Like in Iowa, Nebraska’s Habitat Stamp raises money for a wide variety of conservation projects, said Taylor, who before going to work for the national pheasant plan worked since 1996 in a number of capacities for the Nebraska Game and Parks Commission. Even so, many projects have multiple benefits. For example: “Wetlands are often a key component of pheasant habitat in a lot of states,” he said. “Certainly, wetland and associated grassland habitat throughout the pheasant range is going to be generally beneficial.”
In Minnesota, there are stipulations for what Pheasant Stamp proceeds can be spent on, said Dave Trauba, the DNR’s regional wildlife manager for the southern part of the state. It can be spent on activities such as prescribed burning, planting prairie grass, woody cover removal and wetland restoration. The money cannot be spent on things such as staff salaries or general administration.
Stamp revenues generally are dispersed to local wildlife managers, with Trauba calling them “absolutely critical” to conservation work in the state’s pheasant range. “It’s really geared so that we can maximize on-the-ground habitat work,” Trauba said.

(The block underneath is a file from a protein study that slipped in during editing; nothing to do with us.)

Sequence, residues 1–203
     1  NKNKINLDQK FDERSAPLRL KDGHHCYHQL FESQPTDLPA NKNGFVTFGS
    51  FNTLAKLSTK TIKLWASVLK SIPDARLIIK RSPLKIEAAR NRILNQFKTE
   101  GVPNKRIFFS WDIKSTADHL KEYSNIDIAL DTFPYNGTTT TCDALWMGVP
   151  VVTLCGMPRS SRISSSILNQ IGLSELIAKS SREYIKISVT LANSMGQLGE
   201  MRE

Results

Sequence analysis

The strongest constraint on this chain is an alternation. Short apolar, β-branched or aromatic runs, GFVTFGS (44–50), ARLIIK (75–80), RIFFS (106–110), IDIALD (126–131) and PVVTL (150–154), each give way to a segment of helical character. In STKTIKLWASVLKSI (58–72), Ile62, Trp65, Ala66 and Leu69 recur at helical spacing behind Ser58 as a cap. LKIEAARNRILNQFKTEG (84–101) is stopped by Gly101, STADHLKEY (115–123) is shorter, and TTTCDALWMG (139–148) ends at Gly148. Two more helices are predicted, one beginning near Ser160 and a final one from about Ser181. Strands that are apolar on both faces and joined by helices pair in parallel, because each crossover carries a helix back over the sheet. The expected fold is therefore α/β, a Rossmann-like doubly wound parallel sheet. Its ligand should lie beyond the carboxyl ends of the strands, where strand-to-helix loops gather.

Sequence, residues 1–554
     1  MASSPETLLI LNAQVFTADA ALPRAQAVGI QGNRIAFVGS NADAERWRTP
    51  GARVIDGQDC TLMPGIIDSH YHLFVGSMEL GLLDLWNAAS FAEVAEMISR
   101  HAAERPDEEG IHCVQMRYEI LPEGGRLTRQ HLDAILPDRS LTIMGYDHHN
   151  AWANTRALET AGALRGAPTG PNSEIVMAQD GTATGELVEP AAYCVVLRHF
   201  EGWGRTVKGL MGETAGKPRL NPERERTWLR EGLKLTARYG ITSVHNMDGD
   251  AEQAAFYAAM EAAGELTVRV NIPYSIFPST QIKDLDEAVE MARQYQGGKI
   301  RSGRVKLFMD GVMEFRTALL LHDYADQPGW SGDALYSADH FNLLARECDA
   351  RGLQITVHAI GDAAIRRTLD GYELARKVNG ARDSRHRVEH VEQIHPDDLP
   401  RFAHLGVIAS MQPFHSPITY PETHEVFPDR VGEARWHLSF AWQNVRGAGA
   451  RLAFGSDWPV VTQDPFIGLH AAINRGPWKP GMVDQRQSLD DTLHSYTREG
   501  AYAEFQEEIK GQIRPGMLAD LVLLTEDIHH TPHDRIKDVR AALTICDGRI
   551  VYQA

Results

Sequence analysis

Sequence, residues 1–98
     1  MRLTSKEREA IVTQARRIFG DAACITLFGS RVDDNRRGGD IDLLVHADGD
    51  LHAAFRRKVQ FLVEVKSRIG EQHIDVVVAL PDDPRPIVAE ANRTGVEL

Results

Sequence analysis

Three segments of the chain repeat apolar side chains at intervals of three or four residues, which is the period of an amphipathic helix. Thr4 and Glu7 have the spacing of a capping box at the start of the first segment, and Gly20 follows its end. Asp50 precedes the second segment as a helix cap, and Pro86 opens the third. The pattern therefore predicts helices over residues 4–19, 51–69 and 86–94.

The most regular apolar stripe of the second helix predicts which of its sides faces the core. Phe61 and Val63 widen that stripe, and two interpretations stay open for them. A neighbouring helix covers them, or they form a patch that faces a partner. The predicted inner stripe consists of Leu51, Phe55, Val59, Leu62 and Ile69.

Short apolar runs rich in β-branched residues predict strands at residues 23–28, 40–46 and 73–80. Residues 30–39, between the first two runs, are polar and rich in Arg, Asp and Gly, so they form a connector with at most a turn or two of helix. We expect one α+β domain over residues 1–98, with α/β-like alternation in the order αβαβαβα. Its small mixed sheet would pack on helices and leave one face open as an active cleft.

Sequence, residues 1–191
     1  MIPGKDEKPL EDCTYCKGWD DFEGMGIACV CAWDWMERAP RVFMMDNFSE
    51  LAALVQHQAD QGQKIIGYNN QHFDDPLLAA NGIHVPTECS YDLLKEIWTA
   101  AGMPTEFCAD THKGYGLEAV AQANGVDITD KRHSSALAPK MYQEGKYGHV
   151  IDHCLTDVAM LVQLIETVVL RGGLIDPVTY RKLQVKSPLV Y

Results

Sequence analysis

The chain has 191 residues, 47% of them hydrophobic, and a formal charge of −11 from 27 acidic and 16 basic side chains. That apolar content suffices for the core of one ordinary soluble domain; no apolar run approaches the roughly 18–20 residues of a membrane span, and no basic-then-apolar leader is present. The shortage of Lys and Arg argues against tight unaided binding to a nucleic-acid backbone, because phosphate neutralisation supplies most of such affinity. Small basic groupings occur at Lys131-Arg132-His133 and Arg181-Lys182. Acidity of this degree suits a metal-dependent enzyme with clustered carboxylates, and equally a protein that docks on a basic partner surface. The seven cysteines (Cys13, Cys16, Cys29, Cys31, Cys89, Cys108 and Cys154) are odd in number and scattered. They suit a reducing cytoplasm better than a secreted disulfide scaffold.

Important as the revenue is, the situation in Minnesota is similar to that in other states – stamp revenues are helpful, but only a part of the conservation funding mix. Wildlife managers in Minnesota, for example, likely won’t receive enough in stamp revenues to buy land or seed down hundreds of acres of native prairies, Trauba said.
“It’s not the one big project, but it’s supporting all those small projects that allow us to get the work done on the landscape,” he said.
Likewise, the stamp revenues in Wisconsin that go to habitat are supplemental pieces of the funding puzzle, according to Mark Witecha, upland wildlife ecologist and Farm Bill specialist for the Wisconsin DNR. Recently, the department has been allocating some of those dollars directly to wildlife managers in the field.
“I’ve been receiving word from local biologists that because they’re getting that money, they can take on larger, longer-term projects,” he said. “But our (stamp revenues) are far more about helping to create grassland areas and maintaining what we have. For the most part, it’s about habitat maintenance and establishment.”
Story by Joe Albert
Photo Credits: Main Image and First Image: Pheasants Forever, Minnesota Department of Natural Resources; Second Image: Greg